In all cases, it is understood that the above described embodiments are merely illustrative of but a small number of the many possible applications of the principles of the present invention. Numerous and varied other arrangements including those using waveguides of other cross-sectional diameters can be readily devised in accordance with these principles by those skilled in the art without departing from the spirit and scope of the invention.

What is claimed is:

1. A reactive microwave device comprising, in combination:

a section of hollow conductively bounded rectangular Waveguide;

a plurality of reactive obstacles disposed within said waveguide at predetermined locations, each of said reactive obstacles extending between and conductively connected to a pair of opposite walls of said waveguiding structure;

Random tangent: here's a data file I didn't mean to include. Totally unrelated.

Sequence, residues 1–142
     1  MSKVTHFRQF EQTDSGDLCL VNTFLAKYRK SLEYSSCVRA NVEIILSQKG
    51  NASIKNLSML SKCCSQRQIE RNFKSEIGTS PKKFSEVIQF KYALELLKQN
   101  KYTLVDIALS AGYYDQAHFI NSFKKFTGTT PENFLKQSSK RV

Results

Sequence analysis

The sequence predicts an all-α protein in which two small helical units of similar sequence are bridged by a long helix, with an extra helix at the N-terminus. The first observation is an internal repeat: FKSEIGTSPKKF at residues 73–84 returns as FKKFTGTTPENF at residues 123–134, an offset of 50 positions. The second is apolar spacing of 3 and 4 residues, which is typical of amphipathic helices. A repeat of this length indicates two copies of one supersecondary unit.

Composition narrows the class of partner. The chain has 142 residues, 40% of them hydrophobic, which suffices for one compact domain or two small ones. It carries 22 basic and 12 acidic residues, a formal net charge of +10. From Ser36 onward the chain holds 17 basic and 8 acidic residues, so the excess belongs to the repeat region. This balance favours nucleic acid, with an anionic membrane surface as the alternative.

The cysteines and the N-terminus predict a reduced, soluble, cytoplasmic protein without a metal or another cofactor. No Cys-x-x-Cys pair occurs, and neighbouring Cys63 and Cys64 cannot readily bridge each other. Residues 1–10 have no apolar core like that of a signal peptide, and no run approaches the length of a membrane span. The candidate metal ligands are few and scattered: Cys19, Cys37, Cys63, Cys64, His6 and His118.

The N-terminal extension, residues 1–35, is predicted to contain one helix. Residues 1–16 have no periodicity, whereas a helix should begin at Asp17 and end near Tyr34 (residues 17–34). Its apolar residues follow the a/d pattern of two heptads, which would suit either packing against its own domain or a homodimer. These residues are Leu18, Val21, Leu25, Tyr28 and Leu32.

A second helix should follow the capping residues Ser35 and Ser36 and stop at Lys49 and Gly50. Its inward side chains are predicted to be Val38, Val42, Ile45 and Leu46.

said device characterized by obstacles which comprise hollow thin-walled roll pins of generally cylindrical shape;

said roll pins being fabricated of a resilient conductive material, said roll pins being mounted in apertures formed in said walls at said locations and held therein by the torsional spring action of said pins.

2. In combination:

a hollow conductively bounded waveguiding structure capable of supporting propagating electromagnetic wave energy;

a at least one obstacle disposed within said waveguiding structure and electromagnetically coupled thereto, said obstacle comprising a thin-walled roll pin of substantially circular cross section, said roll pin being formed of a resilient conductive material;

at least one circular aperture extending through a wall of said waveguiding structure and adapted to receive said roll pin, said aperture having a diameter slightly less than the diameter of said roll pin.